On 27 September the University provided staff with another update on progress with its UA92 project. Senior managers were present to give us a most positive spin on the work which has taken place over the last year; including Simon Guy, FASS Dean and Interim Principal for 2017-18, and Craig Gaskell, the new Principal and CEO of UA92. Judging by the number of empty chairs in the Great Hall, attendance was clearly down on what was expected. Most of the allocated hour was taken up with promotional videos (x 2) and Simon and Craig giving us their take on things. ‘Exciting things’ are happening. UA92 will be ‘unlocking greatness’ through its ‘pioneer portfolio’. A UA92 degree is ‘more than just a degree’ – it is ‘game-changing’. Although it’s been a ‘tough, tough journey’ to date, with ‘bumps along the way’ and this year ‘we’ve got to bake this into a proper cake’ (big Bake Off fans, apparently), UA92 will be ‘making a massive difference to lives’ with the ‘amazing opportunities’ which will be on offer. Wow!
Except that when it came to explaining what a UA92 degree is about, it turns out it’s not that different from anything else on offer in HE apart from the Target Talent Curriculum, which runs through the programme (think ‘stick of rock’). Twenty credits per year are devoted to the TTC which is essentially about ‘character development’, for example resilience (how does that get assessed?). Anyway, the UA92 degree will be delivered in modular blocks (innovative!), with flexible start and finish dates (innovative!), admission to lower level awards, i.e. CertHE and DipHE (innovative!) and even possibly enabling a degree to be taken over two years (innovative!).
Not a few of us at the University have been asking for some time why Lancaster has bothered to join up with the likes of Gary Neville and private business in such a venture. Whilst proclaiming all the time that this venture was about a commitment to social mobility (called into question immediately by the huge efforts to obtain a Tier 4 licence in order to be able to recruit international students from the get-go), this presentation gave a clear answer, even though the question wasn’t asked. It’s about getting a physical toehold in Manchester, a springboard from which to tap into the business opportunities provided by the ‘Northern Powerhouse’ and grow student numbers (650 in 2019, forecast to increase to a total roll of 6,500 in 2028). Make no mistake about it, this is first and foremost about growth in student numbers, not just in the UK but globally.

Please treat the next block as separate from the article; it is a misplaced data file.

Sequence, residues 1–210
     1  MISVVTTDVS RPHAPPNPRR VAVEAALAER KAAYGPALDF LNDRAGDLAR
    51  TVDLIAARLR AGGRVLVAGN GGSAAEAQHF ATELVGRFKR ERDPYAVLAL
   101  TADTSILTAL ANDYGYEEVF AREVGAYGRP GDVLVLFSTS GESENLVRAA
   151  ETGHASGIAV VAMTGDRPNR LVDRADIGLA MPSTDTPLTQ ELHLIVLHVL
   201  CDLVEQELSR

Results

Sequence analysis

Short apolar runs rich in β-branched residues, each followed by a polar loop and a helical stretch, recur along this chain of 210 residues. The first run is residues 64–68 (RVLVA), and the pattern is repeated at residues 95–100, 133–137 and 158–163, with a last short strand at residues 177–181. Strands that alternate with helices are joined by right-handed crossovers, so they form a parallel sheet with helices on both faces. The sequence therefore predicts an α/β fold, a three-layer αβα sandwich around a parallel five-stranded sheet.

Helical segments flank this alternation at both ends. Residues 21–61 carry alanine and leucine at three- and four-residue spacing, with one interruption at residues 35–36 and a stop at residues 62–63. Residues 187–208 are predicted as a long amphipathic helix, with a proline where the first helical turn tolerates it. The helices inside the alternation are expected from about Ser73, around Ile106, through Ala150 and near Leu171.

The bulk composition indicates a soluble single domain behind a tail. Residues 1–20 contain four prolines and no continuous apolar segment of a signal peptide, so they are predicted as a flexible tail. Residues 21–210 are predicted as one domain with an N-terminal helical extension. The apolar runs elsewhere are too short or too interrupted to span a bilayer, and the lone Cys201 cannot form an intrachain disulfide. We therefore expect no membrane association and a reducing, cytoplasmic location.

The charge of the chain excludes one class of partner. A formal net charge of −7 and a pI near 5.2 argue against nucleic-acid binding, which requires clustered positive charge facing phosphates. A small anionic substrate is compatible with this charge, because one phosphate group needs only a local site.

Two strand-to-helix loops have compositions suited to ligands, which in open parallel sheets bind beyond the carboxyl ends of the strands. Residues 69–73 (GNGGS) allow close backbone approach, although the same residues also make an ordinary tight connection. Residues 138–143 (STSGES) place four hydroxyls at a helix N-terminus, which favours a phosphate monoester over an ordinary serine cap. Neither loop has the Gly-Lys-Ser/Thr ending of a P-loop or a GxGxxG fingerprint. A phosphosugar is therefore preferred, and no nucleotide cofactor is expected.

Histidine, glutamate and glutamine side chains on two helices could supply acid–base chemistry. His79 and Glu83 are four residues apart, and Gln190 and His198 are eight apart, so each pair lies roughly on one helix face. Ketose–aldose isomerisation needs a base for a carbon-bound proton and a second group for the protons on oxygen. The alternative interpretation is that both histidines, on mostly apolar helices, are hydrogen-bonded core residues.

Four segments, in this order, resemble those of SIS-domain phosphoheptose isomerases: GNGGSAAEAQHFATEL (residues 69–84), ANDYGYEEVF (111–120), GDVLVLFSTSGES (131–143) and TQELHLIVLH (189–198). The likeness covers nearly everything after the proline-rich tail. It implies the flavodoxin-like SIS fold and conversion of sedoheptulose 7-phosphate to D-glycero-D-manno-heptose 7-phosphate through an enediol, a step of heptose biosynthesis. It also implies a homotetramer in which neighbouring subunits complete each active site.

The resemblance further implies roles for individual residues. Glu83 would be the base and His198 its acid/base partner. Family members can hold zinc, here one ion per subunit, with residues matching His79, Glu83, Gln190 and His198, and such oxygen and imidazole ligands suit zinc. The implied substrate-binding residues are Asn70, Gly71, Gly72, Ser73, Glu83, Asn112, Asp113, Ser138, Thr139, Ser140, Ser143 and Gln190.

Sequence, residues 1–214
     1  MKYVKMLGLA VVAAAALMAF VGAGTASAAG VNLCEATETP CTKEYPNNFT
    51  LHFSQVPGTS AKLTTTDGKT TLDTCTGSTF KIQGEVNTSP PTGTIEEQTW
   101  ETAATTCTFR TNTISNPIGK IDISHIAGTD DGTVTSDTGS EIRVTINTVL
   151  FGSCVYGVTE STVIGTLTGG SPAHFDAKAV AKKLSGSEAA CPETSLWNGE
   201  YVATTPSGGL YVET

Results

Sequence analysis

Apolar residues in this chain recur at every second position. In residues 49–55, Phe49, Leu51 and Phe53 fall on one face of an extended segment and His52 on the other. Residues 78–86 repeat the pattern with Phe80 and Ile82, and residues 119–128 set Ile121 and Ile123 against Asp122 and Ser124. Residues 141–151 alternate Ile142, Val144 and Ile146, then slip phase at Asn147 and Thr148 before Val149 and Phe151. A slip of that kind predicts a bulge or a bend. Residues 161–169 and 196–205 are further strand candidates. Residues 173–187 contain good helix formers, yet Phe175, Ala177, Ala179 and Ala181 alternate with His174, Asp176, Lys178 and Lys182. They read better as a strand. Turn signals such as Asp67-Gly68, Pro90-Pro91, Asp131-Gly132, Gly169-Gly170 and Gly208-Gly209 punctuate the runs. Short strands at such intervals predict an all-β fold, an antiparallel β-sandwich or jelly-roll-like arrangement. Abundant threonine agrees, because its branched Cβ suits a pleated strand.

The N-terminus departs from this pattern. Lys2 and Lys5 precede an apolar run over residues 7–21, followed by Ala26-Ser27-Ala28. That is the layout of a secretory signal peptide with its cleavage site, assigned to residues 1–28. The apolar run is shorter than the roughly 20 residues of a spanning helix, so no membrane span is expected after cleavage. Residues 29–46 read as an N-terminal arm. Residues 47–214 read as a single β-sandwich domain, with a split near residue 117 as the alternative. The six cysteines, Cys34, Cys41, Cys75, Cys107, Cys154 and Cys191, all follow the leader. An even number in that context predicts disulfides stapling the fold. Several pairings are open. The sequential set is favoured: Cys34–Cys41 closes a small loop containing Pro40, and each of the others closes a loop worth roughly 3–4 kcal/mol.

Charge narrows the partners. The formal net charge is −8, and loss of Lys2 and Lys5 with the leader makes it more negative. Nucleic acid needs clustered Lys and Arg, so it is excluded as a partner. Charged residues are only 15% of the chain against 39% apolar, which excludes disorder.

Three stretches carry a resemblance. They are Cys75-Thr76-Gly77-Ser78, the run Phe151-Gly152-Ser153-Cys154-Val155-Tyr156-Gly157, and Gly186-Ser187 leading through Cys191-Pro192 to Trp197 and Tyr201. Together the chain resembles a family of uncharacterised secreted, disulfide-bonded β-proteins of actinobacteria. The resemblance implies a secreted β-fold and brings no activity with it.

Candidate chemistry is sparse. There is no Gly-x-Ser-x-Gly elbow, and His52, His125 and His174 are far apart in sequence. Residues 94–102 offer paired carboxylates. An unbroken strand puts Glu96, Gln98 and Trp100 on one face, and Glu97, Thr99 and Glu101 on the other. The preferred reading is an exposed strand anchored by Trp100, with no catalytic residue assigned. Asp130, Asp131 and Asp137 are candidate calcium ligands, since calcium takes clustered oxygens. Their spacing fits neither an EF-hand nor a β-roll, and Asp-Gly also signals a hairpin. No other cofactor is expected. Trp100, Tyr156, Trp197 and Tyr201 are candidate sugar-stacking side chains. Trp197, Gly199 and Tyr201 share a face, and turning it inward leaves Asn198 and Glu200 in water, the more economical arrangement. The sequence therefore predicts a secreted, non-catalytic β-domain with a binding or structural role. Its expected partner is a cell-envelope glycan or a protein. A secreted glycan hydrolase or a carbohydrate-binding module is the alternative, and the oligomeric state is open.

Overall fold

Despite Lancaster’s top-ten position in the league tables, it seems its size and geographical location are seen as constraints. So, with the venture having been awarded government funding of £3m, Lancaster has been moving ahead fast over the last year, with admission of the first cohort due in September 2019. And yet…
– Programmes have been approved, but no modules have yet been written (how does that work in the world of the Competition and Markets Authority where applicants to universities are supposed to have clear information about course content?)
– No teachers have yet been recruited.
– The project is camping out at facilities provided at the Lancashire County Cricket ground.
– The old Kellogg building which has been purchased as the initial facility for this venture needs refurbishment – yet to get started let alone finished.
Cripes! Better get a move-on then. If the Resigned to the Spine project, the Health Innovation Building Site and the LUMS Space Gazing projects are anything to go by, the signs are not good. But perhaps contractors work faster in the big city.
Oh, one last thing. In case subtext readers don’t yet know the business partners involved in UA92, these are Microsoft and KPMG. KPMG? Yes, that’s right – the audit firm which was recently slammed (along with three other auditors) in the report of the Carillion Inquiry carried out by the government’s Work and Pensions Committee and the Business, Energy and Industrial Strategy (BEIS) Committee, with the chair of the BEIS Committee asserting that the auditors should be ‘in the dock’ for the ‘catastrophic’ Carillion collapse. While KPMG took a £29m pay packet as Carillion’s auditor for 19 years, the inquiry said that it ‘complacently’ signed off ‘fantastical figures’ and that ‘in failing to exercise professional scepticism towards Carillion’s accounting judgements over the course of its tenure as Carillion’s auditor, KPMG was complicit in them’. So a fit partner for the University? We will leave readers to judge. Thank goodness that the financial viability of UA92 itself was assessed by another big financial firm, PwC, which is of course much more competent than KPMG (except perhaps when it comes to organising academy awards ceremonies, or not advising clients to invest billions into offshore tax havens, as detailed in the Panama Papers and subtext 159).